Tuesday, May 29, 2018

Ulrich Zwingli, Neglected Reformer

I suppose you thought that everyone was finished with material about the Reformation. We had the 500th anniversary of what is considered the beginning of the whole thing, where Martin Luther put out his 95 theses on what was the social media of his day. 

Huldrych (Ulrich) Zwingli has been called the "Third Man of the Reformation"
Huldrych (Ulrich) Zwingli by Hans Asper, 1531 / Wikimedia Commons
The Reformation continued developing and theology was being refined. Newer Reformers appeared on the scene, and not all were in agreement. Sincere, thinking people will disagree (just like not all biblical creationists are in lockstep). Ulrich Zwingly is often tacked on as an afterthought to Christian history, which is unfortunate. He upheld the authority of Scripture and was in trouble for disputing Papal decrees. This was not just a dispute over religion, but was a threat to governmental authority at the time. One reason I delayed posting this was to make an emphasis about how Zwingly is neglected.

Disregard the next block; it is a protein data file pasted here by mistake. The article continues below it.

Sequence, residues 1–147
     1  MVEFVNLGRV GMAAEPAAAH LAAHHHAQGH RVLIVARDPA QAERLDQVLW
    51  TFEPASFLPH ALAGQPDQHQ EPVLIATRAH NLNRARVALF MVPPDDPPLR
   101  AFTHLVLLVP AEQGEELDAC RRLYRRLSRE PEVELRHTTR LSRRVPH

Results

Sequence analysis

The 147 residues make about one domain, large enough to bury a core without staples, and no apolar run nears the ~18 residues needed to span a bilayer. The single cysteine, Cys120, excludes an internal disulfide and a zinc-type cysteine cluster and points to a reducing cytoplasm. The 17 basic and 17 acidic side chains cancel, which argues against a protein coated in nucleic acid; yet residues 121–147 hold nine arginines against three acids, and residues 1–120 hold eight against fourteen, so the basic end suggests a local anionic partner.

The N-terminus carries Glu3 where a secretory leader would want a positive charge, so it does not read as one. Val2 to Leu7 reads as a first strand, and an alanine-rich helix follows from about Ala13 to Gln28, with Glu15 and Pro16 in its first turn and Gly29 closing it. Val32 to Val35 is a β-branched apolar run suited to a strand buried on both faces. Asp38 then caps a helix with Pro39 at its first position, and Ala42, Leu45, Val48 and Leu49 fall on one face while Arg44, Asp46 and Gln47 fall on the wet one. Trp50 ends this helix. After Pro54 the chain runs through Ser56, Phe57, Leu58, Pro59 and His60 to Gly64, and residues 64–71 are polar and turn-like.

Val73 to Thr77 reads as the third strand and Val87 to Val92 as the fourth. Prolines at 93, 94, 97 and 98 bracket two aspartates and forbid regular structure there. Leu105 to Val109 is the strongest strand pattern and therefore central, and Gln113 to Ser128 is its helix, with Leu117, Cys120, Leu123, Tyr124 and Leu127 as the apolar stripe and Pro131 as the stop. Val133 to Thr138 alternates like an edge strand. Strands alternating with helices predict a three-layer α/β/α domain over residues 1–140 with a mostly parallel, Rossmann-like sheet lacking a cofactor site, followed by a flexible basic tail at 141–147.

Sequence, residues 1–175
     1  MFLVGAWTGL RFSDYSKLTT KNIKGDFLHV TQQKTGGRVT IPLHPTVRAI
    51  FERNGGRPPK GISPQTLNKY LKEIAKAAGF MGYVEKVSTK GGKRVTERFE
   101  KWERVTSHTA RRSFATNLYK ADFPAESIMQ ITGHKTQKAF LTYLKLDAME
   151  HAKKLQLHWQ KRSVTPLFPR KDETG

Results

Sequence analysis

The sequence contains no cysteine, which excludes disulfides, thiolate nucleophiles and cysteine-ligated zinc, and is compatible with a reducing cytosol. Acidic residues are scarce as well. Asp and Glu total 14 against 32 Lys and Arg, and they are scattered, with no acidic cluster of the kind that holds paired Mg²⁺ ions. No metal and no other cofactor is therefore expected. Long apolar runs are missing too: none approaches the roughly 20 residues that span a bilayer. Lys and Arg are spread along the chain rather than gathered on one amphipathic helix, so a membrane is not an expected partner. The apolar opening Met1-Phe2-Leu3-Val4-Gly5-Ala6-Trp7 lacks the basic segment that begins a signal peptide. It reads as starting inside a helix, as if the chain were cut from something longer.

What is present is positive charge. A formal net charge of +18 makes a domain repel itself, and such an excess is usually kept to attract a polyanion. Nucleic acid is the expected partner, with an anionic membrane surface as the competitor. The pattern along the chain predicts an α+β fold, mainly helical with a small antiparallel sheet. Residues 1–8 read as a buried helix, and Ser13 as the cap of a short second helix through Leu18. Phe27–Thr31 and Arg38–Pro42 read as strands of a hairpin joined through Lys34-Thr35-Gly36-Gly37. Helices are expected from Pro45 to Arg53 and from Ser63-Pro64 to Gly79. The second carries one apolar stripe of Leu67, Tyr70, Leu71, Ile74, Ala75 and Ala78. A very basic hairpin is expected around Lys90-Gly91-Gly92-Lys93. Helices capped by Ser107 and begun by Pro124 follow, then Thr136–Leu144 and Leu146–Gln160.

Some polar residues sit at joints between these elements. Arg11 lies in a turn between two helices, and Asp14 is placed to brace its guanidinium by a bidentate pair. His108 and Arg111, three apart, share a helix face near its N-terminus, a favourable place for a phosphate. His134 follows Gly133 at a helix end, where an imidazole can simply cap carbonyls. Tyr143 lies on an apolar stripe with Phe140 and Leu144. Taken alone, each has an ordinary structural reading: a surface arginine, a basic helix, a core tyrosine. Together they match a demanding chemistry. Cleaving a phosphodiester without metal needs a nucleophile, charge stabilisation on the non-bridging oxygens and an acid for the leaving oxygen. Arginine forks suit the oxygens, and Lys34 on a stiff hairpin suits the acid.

[S]trangely, one of the leaders of the Reformation, often called the “Third Man of the Reformation” (behind Luther and Calvin) is often omitted. That man was Ulrich Zwingli (sometimes spelled Huldrych Zwingli). Due to his death early in the Reformation, he seems to have been largely forgotten or relegated to passing mentions in books covering this time period. This is unfortunate, as Zwingli had (and still has) a profound effect on Protestant theology. The Reformers’ aim was to point people back to the authority of Scripture, to encourage the translation of the Bible in the common tongue of the people, and to reject any tradition or man-made teaching that contradicted Scripture. Zwingli was passionate for these principles.
To read the article in its entirety, click on "The Forgotten Reformer—Ulrich Zwingli".
 

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